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Teaching Self Control For Children

Creating boundaries leads to self control for kids

Dr. Henry Cloud and Dr. John Townsend have a series of books about boundaries in all types of relationships. Their book Boundaries with Kids helps parents to teach self control and responsibility to our children.

Self Control for Adults and Children

A few months ago, I read “Boundaries in Marriage,” which is the best marriage book I’ve ever read. I plan to get my review up soon! Their basic method for bringing more peace into your own life and relationships is knowing “when to say yes and how to say no to take control of your life.”

The message is that we can not change other people through coercion or threats. At the same time, we do not have to tolerate being manipulated, ignored, or disrespected. We have freedom to say yes and no within all relationships.

Since their initial best-selling book “Boundaries” that outlined this theory, they have added to the mix Boundaries in Marriage, Dating, Parenting, and for Leaders.

Creating boundaries leads to self control for kids

How a Parent’s Self Control Leads to Better Decisions

Solving conflict and troublesome behavior without yelling or just giving up, “Boundaries with Children” provides real-life examples and actionable steps to take. A lot of it may sound like common sense, but parents know that when dealing with a three year old melting down in the middle of Target or a tween screaming about how unfair we are, it’s difficult to think before we speak. I’m sure every parent can find something to relate to and a method to improve their relationships with their children.

There is one specific piece of information that I’m using everyday to make life a little better for me and prepare the kids for a better, more responsible future. The idea is transferring responsibility. When things are going downhill, my voice gets louder and louder. Before I know it, I’m yelling. However, when I start to yell, my kid’s problem becomes an angry parent. I want the problem to be that he can’t find his shoes or she isn’t ready for bed. In the mind of a kid, once I start to yell, they forget about the original problem and just focus on doing what it take to get their parent to stop yelling.

I need to stop assuming responsibility for their problems. Even a three-year-old should know that her temper tantrum is her own responsibility. If I’m out of control, she will lose focus on what the actual problem is. A school-aged kid’s problem should be that they didn’t complete a homework assignment, not that they have a parent who is angry about it.

Once I start yelling, I’m taking ownership of the child’s problem. They don’t learn from the experience if they don’t know how to solve the problem in an effective way. Transferring responsibility back to the child is how they grow and learn.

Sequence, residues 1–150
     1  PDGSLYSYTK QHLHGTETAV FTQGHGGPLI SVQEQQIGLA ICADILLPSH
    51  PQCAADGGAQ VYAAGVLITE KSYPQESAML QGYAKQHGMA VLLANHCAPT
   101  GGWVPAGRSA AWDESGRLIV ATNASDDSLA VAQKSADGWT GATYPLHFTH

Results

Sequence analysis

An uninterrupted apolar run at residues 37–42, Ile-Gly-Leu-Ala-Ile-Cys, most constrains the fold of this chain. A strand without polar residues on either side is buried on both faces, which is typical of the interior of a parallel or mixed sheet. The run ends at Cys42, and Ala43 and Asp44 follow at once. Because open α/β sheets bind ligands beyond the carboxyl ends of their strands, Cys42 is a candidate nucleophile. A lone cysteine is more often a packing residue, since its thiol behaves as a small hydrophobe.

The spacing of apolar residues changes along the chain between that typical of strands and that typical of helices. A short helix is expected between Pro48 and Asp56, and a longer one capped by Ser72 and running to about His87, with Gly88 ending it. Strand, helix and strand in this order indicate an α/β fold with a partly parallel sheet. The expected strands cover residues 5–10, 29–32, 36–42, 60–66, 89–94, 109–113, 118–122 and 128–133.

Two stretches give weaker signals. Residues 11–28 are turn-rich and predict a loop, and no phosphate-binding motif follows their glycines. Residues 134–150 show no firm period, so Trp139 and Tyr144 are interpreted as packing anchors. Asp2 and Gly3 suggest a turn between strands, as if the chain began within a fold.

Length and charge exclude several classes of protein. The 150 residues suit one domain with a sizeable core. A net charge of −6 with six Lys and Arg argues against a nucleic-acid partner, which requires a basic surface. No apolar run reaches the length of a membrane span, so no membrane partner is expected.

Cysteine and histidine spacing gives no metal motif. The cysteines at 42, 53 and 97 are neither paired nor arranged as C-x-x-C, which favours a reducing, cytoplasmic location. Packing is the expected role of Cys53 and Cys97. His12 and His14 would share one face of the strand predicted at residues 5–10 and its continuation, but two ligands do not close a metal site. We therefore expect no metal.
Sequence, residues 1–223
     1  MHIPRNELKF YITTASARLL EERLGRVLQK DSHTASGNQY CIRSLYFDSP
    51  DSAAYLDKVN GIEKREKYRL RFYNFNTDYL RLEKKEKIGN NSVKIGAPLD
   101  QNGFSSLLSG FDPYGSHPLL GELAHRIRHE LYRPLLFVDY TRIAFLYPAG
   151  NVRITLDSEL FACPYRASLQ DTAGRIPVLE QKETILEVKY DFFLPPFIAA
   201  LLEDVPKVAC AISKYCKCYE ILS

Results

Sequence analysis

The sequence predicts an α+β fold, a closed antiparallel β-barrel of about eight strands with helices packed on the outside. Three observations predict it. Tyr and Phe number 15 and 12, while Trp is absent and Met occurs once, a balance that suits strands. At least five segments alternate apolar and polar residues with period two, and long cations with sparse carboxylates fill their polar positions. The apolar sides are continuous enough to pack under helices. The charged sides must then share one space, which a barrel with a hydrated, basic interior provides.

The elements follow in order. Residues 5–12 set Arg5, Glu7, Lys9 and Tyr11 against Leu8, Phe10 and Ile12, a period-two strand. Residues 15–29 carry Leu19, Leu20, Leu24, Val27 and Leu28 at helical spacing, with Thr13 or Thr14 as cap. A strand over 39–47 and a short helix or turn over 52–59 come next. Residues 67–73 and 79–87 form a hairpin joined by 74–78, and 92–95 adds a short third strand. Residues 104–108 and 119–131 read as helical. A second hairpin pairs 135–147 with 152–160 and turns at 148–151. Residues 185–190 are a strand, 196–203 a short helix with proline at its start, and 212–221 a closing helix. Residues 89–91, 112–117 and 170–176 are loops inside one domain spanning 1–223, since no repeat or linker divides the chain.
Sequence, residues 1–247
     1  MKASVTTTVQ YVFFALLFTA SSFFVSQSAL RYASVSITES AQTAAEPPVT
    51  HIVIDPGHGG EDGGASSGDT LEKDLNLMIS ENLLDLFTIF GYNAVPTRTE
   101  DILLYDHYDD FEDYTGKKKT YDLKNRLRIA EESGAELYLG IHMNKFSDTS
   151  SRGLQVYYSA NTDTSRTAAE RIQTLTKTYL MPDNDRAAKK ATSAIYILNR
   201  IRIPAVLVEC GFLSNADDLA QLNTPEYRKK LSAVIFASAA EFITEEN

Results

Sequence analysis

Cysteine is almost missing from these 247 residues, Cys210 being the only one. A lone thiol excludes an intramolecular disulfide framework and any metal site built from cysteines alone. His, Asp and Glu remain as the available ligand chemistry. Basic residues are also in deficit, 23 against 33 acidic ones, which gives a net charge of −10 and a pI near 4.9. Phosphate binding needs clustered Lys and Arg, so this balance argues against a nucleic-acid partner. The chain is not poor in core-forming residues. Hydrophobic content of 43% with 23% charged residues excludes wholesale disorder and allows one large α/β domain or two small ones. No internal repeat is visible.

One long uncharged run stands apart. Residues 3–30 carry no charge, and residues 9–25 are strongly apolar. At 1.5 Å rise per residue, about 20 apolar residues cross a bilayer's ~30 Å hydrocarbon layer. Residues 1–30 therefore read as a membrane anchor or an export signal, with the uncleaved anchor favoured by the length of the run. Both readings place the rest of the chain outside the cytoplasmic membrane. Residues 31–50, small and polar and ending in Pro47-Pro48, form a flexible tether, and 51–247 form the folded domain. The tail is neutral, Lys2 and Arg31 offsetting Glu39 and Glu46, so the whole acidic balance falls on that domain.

Encouraging Responsibility Through Self Control

This has changed the way I think about dealing with the kid’s misbehaviors. As my heart rate and blood pressure increase or as the minutes tick away while a kid is still ambling around the house looking for a lost glove, I keep reminding myself of where the focus needs to remain. I never want the solution to be “get mom to stop losing her mind.” My anger distracts them from solving the actual problem. Saying nothing would be better than yelling. At least then they are forced to own the problem.

One great example of how I’ve put this in practice is with my seventh grader’s homework. He hates doing homework and puts it off as long as possible. I don’t know many kids who relish math worksheets and writing assignments, but the fact is, he has to complete the assignments.

No matter how crazy it makes me that he procrastinates all evening, screaming about it won’t help. Threatening him won’t help. If I keep threatening to take things away, I’m taking the responsibility on myself. I am assuming the responsibility of enforcing the consequences. I’m also changing the focus. The primary idea becomes the tablet that I’m threatening to take away indefinitely. I want the problem to remain that his school assignment is not completed.

So my new method (which is not easy and I’m not always great at) is to not yell and to just focus on the one behavior I want to change. Everything has to come back to that blank math homework.

Implementing Self Control For Kids

There are a so many good points in the book. For our family at this point, this was the biggest encouragement for me. I want to yell less anyway. We all know it’s not effective. This is the perfect reminder to stop. They need to learn to solve the right problem so we aren’t doing the same things day after day. I can’t yell if I want their focus to remain on the right thing.

For now, my one take-away from the book is putting the responsibility where it belongs. Like so many things in parenting, it’s part of a long slow process. But the more consistent I can be, the better my children will be at identifying the real problem and solving the root instead of the arbitrary reactions of others.

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Comments 1

  1. This is really good information! I have 3 kids and am always seeking advice and giving advice, this is perfect for both. Thank you for sharing!

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